The heroes hop around from planet to planet each time they are transformed into the image of the dominant lifeform of the planet. On one planet they are turned into creatures made of crystal. Finally, they meet the villain of the month, Kraad the Conqueror and he is one ugly dude.

Supposedly, all five of the heroes are disintegrated into dust, but thanks to a previously and well-established plot device, the Atom is the team member who saves the day.

In the end, Kraad the Conqueror is conquered by the JLA. He is sent to prison on the Sfarlian’s home planet. They must have a very secure prison system because unlike most other super-criminals, Kraad is never, ever seen again.

The next three issues see the return of villains who had very recently made trouble for one or all of the JLA team members.

The super-villain playmate for March 1964 (issue #26) was Despero. He is a three-eyed amphibian humanoid from the planet Kalanor and this was the second encounter between him and the team. Despero had the great distinction of having been the first villain of the series, appearing opposite the JLA in issue #1 of “Justice League of America” (Nov 1960) and he had been imprisoned on his home world, having had his third-eye sealed shut to prevent him from messing with other people’s minds.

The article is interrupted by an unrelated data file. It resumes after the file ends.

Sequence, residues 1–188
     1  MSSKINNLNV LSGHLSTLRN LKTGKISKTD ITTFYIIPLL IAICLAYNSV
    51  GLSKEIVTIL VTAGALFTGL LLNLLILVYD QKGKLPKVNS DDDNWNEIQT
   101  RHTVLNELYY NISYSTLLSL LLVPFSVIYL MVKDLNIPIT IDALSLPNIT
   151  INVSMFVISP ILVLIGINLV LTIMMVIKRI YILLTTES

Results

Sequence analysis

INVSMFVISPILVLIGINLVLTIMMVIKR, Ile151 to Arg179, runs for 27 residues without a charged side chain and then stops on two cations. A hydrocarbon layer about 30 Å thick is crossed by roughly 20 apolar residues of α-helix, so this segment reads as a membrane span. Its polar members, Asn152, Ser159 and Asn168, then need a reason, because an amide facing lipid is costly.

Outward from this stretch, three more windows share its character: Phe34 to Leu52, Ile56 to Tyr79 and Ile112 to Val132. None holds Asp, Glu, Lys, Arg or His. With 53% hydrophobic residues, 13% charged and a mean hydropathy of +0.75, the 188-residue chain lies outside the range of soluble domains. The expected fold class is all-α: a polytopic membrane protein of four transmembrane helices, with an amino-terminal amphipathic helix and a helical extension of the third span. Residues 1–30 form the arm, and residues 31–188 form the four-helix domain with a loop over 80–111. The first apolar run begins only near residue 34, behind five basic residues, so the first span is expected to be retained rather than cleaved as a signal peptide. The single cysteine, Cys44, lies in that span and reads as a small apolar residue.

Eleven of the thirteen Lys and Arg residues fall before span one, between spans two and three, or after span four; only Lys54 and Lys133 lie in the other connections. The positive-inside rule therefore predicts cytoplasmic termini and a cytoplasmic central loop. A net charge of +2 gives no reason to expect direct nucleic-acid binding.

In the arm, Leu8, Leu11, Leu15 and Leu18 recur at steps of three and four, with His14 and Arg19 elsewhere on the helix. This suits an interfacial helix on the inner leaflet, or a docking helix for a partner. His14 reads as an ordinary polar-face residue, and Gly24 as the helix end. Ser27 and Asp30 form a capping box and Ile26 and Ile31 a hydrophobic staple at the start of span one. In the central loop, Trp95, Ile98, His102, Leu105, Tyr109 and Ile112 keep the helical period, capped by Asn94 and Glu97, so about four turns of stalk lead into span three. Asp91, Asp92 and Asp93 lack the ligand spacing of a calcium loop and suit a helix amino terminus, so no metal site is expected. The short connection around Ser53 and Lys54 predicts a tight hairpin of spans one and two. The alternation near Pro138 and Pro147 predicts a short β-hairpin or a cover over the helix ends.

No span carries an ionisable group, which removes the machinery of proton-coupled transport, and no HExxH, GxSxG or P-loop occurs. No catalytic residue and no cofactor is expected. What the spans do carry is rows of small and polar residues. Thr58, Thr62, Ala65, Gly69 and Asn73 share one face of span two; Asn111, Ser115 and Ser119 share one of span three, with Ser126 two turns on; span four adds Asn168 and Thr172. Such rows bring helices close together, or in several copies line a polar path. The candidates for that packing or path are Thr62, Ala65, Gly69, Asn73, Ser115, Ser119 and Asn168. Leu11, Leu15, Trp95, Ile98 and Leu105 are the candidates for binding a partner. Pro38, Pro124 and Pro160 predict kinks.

Despero captures some of the JLA team members inside of weird hourglasses and threatens to send the heroes off to places known as “Chronal Worlds”.

It is not clear to me what is meant by “chronal worlds”, but one the Earths that Despero is planning to conquer is a world where dinosaurs are the dominant life-form. It is here where the Flash is sent and he quickly makes friends with one of the dinosaurs. How cool is that?

In issue #27, the team is threatened by an entity that identifies itself as “I”. I have a sense that this mysterious entity named “I” is a metaphor for the self. This selfish entity is for some reason opposed to teamwork and oddly enough that just so happens to be what the Justice League is all about. As we all know there is no “I” in “team”.

Yet I became somewhat confused when Snapper Carr came up with the idea of using Amazo, a now-defunct android, to defeat the “I” by having Amazo absorb the super-powers from each of the heroes. Doing so allows the Justice League to defeat “I” and then working as a team they also defeated Amazo and sent him back to the trophy room to stand in the corner for all eternity. Amazo first appeared in “Brave and the Bold” vol. 1 #30. It was after this issue of the Brave and the Bold that the Justice League of America was awarded their own series beginning with Justice League of America #1.

Issue # 28 (May 1964) saw Matter Master working with a gang of super-criminals led by a new guy named the Headmaster.

Super-villain Matter Master first appeared in an early Hawkman/girl story (Brave and the Bold #35 (1961). This issue was beautifully drawn by the great Joe Kubert.